“Little was no tepid supporter of American eugenics,” Hasler said. “He believed it was an essential part of human progress. It is especially important to rename the C.C. Little Science building now given the renewed prominence of xenophobic and eugenic policies and ideas in American political discourse … The University of Michigan must demonstrate that it does not celebrate the ideals of White supremacy and eugenics by commemorating the legacy of this movement and its campus geography.”

Regent Andrea Fischer Newman, R, echoed Schlissel’s and McDonald’s comments from earlier, reiterating the difficulty that should come with changing a building’s name but acknowledging the University should always work to right their wrongs.

“Changing historical names should be difficult,” Newman said. “Doing the right thing, though, shouldn’t be difficult.”

Newman also addressed a concern about University culture before voting, mentioning the University population’s current usage of C.C. Little’s name to identify the Central Campus Transit Center. She said she believed it was important to “change the student vernacular” in regard to the bus stop as a part of the vote.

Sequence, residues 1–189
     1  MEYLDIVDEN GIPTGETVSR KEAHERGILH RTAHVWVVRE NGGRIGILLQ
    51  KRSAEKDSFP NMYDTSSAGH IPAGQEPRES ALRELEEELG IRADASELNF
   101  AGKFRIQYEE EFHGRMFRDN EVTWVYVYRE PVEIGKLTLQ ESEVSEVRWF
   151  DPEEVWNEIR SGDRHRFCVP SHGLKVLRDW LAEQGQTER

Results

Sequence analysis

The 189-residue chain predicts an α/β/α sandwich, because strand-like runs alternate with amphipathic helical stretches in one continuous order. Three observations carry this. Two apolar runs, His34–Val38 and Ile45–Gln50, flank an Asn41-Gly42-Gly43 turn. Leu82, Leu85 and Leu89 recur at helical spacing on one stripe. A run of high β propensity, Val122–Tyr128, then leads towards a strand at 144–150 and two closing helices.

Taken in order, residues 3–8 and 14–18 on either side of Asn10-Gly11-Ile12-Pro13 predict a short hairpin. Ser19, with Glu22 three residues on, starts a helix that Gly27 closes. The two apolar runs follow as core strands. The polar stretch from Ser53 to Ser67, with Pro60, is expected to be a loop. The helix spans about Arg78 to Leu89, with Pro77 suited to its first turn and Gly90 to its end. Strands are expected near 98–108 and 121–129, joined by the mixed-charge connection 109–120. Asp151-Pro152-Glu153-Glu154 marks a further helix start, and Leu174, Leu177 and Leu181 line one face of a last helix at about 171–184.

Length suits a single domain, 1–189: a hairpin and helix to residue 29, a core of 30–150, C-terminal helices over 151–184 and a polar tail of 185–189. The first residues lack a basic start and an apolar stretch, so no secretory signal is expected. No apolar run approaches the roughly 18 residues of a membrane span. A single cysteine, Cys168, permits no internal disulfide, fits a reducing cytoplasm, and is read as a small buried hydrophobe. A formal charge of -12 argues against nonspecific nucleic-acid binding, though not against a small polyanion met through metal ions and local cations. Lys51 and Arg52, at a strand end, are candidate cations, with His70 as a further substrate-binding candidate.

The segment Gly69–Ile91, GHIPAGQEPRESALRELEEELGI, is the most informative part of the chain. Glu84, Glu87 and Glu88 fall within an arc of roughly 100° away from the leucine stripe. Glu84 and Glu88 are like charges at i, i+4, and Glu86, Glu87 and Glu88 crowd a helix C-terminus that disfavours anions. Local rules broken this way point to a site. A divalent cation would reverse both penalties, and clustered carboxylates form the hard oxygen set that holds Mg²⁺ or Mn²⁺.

After hearing the opinion of public comment speakers and Newman’s comments, the Board of Regents voted unanimously to remove the names from the C.C. Little Science Building and Winchell House.

Not even an hour after the vote, the sign outside the former C.C. Little Science Building read, “1100 North University Building,” a temporary name outlined in Schlissel’s proposal. There is no word on when or how new names for the building and hall will be selected but the conversations and suggestions are sure to follow in the coming weeks.

LEO Bargaining Efforts

Before the regents meeting began, LEO organizers and supporters filled the Union to show their support for the contract bargaining efforts of University lecturers.

LEO started conversations with the administration for increased salaries and benefits in October of last year. Currently, the salary for a full-time lecturer at the University is $34,500 in Ann Arbor, $28,300 in Dearborn and $27,300 in Flint. The administration had initially responded to LEO’s demands with a $1,000 increase to the starting salary in 2019, a $750 increase in 2020, a $500 increase in 2021 and a 1.5 percent annual raise for Ann Arbor alone. LEO lecturers, however, were unsatisfied with the numbers, and referred to the proposal as “insulting.”

Prior to the meeting, Philip A. Christman, a lecturer in the University’s English Department, explained the administration's reluctance to meet the group’s requests was frustrating because they could meet LEO’s needs without causing much financial burden on the University.